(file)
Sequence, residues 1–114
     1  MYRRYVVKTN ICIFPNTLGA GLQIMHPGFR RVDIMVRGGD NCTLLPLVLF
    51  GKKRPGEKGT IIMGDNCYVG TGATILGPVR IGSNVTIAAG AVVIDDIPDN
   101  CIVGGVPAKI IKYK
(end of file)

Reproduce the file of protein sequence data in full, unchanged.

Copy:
Sequence, residues 1–114
     1  MYRRYVVKTN ICIFPNTLGA GLQIMHPGFR RVDIMVRGGD NCTLLPLVLF
    51  GKKRPGEKGT IIMGDNCYVG TGATILGPVR IGSNVTIAAG AVVIDDIPDN
   101  CIVGGVPAKI IKYK